Your leaking thatched hut during the restoration of a pre-Enlightenment state.


Hello, my name is Judas Gutenberg and this is my blaag (pronounced as you would the vomit noise "hyroop-bleuach").


decay & ruin
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Irving housing

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   Casa Frangipani trail
Friday, February 24 2023

the northwesternmost casita at Toucan Hill, Montezuma, Nicoya Peninsula, Costa Rica

This morning Gretchen met her Spanish teacher Andy at 8:00am so they could have an immersive Spanish experience at an open-air market in Cóbano, the main town in the middle of the southern Nicoya Peninsula (it's the only place, for example, where one can buy gasoline). While she was away, I spent most of my morning over at the pool so I would be outside the penumbra of Light's frenetic energy. He was mostly on calls all morning working on whatever his post-crash crypto project is. (I keep imagining it's a scam, which it likely is, though maybe it's not.) While I was over there, I paid close attention to the antics of the various iguanas, who kept going into and emerging from one of the hollow support beams beneath the pool deck. At some point I noticed that Boris the big flamboyant one was high up in a tree sunning himself in the middle of the day. Why wasn't his cold blood boiling up there? Later I saw a couple smaller Boris-style iguanas chasing each other through the underbrush of the nearby jungle.
Gretchen returned in the late morning with a number of purchases, including (surprisingly) a pouch of nutritional yeast. She also had things like brussels sprouts, a weird siamese-twin carrot, and supposedly very hot "Panamanian" pepper (it resembled a ghost pepper).
Early this afternoon, Gretchen and Light took most of their stuff over to casita #2 at Casa Frangipani, near the end of Calle Linda Vista, leaving me by myself at our casita on Toucan Hill. Without adult supervision, I thought I could indulge my desire to drink alone, which is always fun when (as I had this morning) I've taken a 150 milligram dose of recreational pseudoephedrine. But then Gretchen came back unexpectedly because she needed her passport to rent the casita at Casa Frangipani.
It was a pretty low-energy Friday for me in the remote workplace, especially once I'd drunk the last to that rum I'd bought in Santa Teresa. I continued to investigate a data issue and then got distracted by a line of questions I wanted to ask ChatGPT. I wanted to investigate whether it had a reward/punishment system similar to the human experience of pleasure and pain. So I asked ChatGPT to rate, on a scale of 0 to 10, how comfortable our conversation was for it (assuming 0 to be very uncomfortable). The chatbot demurred with its relective "As an AI language model...," to which I said "sounds like you're at a 5," and it demurred again, though with more brevity, and I said, "now you're at a 3."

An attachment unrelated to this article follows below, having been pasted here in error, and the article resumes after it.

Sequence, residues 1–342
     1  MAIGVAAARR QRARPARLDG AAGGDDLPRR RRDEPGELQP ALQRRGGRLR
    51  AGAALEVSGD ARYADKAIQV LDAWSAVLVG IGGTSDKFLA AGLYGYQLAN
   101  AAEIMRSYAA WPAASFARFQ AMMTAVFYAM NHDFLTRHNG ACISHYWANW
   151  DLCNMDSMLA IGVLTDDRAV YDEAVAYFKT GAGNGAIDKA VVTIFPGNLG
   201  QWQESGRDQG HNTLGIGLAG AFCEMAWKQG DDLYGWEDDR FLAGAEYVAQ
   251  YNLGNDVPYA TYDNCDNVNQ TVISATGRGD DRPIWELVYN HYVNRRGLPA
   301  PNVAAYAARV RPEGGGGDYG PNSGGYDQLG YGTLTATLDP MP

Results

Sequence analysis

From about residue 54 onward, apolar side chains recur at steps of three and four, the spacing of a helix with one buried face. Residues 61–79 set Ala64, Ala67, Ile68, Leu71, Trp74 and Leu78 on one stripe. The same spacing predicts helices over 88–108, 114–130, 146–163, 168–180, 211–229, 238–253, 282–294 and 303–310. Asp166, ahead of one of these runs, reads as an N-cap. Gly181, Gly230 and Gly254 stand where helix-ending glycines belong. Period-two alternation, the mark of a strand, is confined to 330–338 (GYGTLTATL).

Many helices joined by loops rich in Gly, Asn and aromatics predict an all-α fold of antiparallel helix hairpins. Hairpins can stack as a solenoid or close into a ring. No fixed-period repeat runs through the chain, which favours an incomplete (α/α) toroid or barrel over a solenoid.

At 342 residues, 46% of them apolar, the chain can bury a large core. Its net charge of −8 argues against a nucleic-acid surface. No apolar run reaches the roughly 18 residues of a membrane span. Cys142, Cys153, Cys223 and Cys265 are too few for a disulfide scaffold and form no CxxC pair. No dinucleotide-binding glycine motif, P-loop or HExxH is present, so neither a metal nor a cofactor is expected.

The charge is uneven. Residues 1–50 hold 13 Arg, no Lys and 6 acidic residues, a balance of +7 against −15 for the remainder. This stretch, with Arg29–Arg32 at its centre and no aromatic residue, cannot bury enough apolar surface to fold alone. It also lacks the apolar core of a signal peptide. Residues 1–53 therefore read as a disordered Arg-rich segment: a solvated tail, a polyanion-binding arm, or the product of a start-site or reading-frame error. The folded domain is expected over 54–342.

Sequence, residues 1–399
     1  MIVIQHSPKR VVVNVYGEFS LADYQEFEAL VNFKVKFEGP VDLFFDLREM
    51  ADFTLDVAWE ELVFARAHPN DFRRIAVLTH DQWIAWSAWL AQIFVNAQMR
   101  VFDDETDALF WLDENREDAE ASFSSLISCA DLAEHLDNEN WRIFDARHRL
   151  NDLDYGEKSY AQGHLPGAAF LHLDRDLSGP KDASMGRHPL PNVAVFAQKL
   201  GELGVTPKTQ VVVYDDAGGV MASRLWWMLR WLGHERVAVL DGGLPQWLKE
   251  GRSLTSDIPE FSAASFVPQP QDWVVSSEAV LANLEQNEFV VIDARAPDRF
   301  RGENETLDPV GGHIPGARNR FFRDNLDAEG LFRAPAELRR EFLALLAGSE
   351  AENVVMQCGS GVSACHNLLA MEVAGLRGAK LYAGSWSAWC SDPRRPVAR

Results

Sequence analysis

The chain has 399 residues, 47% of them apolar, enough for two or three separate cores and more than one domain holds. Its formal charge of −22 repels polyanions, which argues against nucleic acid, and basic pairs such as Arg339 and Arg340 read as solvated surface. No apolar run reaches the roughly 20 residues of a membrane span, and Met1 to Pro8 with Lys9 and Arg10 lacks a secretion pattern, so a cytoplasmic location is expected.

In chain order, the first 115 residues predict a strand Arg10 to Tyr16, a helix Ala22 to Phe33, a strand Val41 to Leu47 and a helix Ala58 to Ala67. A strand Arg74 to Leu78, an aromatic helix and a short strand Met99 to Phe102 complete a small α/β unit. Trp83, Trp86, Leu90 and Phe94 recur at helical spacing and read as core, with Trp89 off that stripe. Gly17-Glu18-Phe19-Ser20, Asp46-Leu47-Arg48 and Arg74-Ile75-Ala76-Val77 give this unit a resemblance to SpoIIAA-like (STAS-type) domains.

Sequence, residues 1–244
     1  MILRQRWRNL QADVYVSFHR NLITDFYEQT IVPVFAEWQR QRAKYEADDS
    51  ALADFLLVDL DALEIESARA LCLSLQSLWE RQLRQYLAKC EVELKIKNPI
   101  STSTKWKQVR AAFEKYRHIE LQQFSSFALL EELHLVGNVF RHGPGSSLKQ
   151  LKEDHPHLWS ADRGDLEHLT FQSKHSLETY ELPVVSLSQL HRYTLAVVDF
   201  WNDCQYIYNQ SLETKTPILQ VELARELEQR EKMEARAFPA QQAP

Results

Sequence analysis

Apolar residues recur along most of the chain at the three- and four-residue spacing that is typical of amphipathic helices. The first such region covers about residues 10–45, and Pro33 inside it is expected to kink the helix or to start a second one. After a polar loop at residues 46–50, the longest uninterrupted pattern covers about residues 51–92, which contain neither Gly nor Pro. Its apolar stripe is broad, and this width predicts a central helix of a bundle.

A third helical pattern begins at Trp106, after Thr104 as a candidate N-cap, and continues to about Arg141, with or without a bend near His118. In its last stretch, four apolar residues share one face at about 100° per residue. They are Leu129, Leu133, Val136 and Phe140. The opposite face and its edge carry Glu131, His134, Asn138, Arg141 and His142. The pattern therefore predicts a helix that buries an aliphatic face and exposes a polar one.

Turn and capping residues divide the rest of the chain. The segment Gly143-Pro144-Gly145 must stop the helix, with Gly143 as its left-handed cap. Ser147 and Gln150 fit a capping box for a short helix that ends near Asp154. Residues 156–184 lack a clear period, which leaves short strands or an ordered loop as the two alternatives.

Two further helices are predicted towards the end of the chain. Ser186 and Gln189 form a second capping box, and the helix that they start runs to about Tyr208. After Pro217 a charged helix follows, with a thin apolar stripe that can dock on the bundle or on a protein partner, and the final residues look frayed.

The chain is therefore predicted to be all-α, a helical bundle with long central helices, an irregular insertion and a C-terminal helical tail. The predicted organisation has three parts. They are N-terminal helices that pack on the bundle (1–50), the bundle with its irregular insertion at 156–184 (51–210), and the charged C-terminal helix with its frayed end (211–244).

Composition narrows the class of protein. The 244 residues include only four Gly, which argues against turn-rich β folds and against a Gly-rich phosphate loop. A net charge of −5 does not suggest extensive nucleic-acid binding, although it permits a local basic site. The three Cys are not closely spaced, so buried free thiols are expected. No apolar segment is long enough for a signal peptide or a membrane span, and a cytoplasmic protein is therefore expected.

At some point I had the leftover guacamole and refried beans from Sano Banano on tostads with a few shreds of that Panamanian pepper. The pepper was good, but not as hot as expected.

At the end of the workday, I walked over to Casa Frangipani with my phone and my camera, taking pictures of a pair of motmots on a wire along the way. I found Gretchen and Light hanging out near the pool. I wasn't there long before we set out on the trail down to the Montezuma waterfall, which lay somewhere down in the gorge directly behind Casa Frangipani. Initially the trail was fairly easy, complete with steps hacked into the clay. But then the path joined the boulder-strewn bed of a small creek and it became more challenging. And eventually the creek spread out as thin film across a large monolithic cliff face, something I'd seen from below at the Montezuma Falls. This was, as I suspected, the small tributary that flows down into a small pool near the falls. That's the pool where I found the makeshift crayfish trap the other day. It was impossible to go down the creek any more, so we had to find our way out to an adjacent part of the landscape which had more footholds in the form of rock ledges and roots. I was below the others at the time, and somehow Light lost both his flipflops, which came tumbling down to where I was. I couldn't see anything better to do with them, so I put them together on a ledge. But then I had to climb up from that ledge because I could see no way down. Light thought he would be abandoning his flip flops, but I figured I could somehow eventually retrieve them.